Nauto Driven to Fuse Data from ADAS and DMS

What’s at stake?
With broader adoption of Driver Monitoring Systems imminent, Nauto, a late-stage startup focused on safer commercial fleets and drivers, sees an opportunity to sell OEMs on its AI algorithms by fusing data derived from outward and inward cameras. Is Nauto hitting the market with the right technology (ADAS + DMS) at the right time?

Many automotive companies have embraced Advanced Driver Assistance Systems (ADAS), whose outward cameras monitors the street. Meanwhile, carmakers are adding Driver Monitoring Systems (DMS), with cameras watching human drivers’ behavior inside vehicles.

Neither system is designed to work together. ADAS and DMS are developed and supplied by disparate technology companies, forestalling the design of vehicles that can correlate data coming from outward and inward cameras.

Read More »Nauto Driven to Fuse Data from ADAS and DMS

Cellular IoT: Can a Startup Revive a Stagnant Market?

By Junko Yoshida

What’s at stake:
The growth of the cellular IoT market did not stall for lack of trying. But repeated failures to launch have left system designers and users in the lurch, leaving the segment ignored, even discredited. At stake are billions of “things” left unconnected, unable to self-report their status. That makes it impossible to monitor the devices, intervene or fix them, when needed. Who will step up to the plate?

Starting from the top, what exactly is cellular IoT? Who wants it? If there is demand for it, then why does cellular connectivity rarely make the headlines? What issues, if any, prevent the scaling—and commercial viability—of cellular IoT?

Meet Blues Wireless.

Read More »Cellular IoT: Can a Startup Revive a Stagnant Market?
Omnitron Sensors’ test structure for process verification of its step-scanning MEMS actuator

Claiming a New MEMS Topology, Startup Promises ‘Disruption’

By Junko Yoshida

What’s at stake?
The performance of MEMS devices has stagnated because MEMS manufacturing process technologies have failed to advance significantly. An Los Angeles-based startup believes it can fix that. Omnitron Sensors claims to have proven its new process technology through development of an optical subsystem for MEMS lidar. Industry experts want to see Omnitron’s patents before judging whether “disruptive” is the word that applies to the new manufacturing process technology.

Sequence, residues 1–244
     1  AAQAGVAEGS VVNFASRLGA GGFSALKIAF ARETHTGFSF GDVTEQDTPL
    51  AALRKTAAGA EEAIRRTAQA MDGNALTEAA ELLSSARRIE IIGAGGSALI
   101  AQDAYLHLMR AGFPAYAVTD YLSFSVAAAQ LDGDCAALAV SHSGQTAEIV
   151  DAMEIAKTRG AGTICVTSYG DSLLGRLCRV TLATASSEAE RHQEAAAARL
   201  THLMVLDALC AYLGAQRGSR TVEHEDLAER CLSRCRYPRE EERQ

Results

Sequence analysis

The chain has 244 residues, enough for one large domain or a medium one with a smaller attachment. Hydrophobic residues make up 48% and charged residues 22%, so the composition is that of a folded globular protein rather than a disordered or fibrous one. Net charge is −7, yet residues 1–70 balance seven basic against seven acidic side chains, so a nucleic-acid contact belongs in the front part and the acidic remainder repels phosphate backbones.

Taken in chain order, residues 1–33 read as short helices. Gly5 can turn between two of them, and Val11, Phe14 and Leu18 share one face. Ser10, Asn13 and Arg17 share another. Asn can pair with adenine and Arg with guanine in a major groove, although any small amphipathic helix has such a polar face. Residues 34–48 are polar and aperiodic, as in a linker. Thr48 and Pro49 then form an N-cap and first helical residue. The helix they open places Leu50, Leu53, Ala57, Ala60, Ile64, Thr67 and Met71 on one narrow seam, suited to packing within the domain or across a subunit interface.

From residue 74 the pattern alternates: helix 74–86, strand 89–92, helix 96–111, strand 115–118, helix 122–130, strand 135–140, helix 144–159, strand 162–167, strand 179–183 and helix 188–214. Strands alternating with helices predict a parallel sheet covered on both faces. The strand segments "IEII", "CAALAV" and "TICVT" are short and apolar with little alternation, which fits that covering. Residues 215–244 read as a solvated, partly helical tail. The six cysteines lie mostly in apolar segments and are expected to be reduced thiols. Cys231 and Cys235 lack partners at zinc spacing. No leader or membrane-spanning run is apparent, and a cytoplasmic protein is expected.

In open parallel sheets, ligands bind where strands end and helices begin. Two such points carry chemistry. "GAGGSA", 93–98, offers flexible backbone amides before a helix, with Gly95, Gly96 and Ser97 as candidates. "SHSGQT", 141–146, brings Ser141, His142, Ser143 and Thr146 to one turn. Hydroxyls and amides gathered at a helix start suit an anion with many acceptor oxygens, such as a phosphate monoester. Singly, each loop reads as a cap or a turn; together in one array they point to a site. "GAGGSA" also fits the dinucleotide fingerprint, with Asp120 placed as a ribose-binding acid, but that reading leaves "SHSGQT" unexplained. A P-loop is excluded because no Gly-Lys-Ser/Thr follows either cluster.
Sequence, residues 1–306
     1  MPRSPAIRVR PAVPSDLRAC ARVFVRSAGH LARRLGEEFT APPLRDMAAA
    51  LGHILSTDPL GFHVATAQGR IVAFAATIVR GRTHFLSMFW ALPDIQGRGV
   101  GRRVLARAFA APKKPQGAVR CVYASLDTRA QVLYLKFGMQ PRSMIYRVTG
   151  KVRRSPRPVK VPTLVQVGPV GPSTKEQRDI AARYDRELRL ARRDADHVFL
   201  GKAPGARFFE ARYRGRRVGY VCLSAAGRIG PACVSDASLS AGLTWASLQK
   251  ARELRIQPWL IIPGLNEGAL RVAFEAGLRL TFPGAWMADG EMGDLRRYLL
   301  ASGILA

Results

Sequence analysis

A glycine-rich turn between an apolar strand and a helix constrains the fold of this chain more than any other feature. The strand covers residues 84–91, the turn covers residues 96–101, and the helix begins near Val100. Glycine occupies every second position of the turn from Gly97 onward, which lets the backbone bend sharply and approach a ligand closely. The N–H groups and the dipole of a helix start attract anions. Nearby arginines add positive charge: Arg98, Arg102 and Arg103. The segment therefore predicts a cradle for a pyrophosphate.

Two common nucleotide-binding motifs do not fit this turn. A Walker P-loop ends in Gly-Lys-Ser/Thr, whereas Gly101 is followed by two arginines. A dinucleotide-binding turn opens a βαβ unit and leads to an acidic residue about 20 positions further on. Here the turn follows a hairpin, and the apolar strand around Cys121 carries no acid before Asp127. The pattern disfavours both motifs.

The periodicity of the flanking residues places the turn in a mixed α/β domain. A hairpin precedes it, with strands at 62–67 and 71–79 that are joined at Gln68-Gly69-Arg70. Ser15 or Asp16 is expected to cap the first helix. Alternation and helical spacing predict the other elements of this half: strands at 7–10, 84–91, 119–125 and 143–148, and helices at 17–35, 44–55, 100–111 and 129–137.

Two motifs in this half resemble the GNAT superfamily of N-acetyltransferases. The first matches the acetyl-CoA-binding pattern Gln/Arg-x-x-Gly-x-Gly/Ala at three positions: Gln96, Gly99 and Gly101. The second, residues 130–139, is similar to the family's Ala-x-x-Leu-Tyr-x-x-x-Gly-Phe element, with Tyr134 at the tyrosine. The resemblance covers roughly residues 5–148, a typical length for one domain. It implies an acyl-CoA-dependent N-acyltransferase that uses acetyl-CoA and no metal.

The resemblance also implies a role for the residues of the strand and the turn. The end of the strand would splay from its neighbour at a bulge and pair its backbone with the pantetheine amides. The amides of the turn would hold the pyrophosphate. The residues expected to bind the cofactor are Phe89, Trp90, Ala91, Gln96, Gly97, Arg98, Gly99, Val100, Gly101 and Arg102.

The semiconductor industry has Moore’s Law and process nodes. Both help chip developers gauge progress and advance chip designs.

But what about micro-mechanical systems, or MEMS?

Read More »Claiming a New MEMS Topology, Startup Promises ‘Disruption’
Eliyan founders (from left): Syrus Ziai, Ramin Farjadrad, Patrick Soheili

Eliyan Goes Do-or-Die with Die-to-Die Interface Technology

By Junko Yoshida.

What’s at stake?
Chiplets are emerging as the go-to technology for advanced SoCs designed for AI accelerator, data center and cloud computing applications. Despite years of implementation, these chiplets still face many challenges, including interconnect interfaces and protocols, packaging and quality control. Startup Eliyan is confident it has a technology that helps chipmakers overcome those hurdles.

Read More »Eliyan Goes Do-or-Die with Die-to-Die Interface Technology
smart glasses for augmented reality

Kelly Peng Sees Smart Glasses in Your Future

By Rebecca Day

What’s at stake:
While augmented-reality smart glasses have found adopters in industry, thus far consumers have largely failed to see the appeal. Kura Technologies asserts that its Gallium glasses overcome the performance, comfort and privacy hurdles that earlier entries failed to clear, and it is confident that the expanding metaverse will enable applications that will convince the public of smart glasses’ utility. Whether consumers will find smart glasses as indispensable as they now view their phones by the end of the decade, as Kura’s CEO predicts, remains to be seen. But they will get an early glimpse of the Gallium glasses in limited public demonstrations over the next couple of years.

Read More »Kelly Peng Sees Smart Glasses in Your Future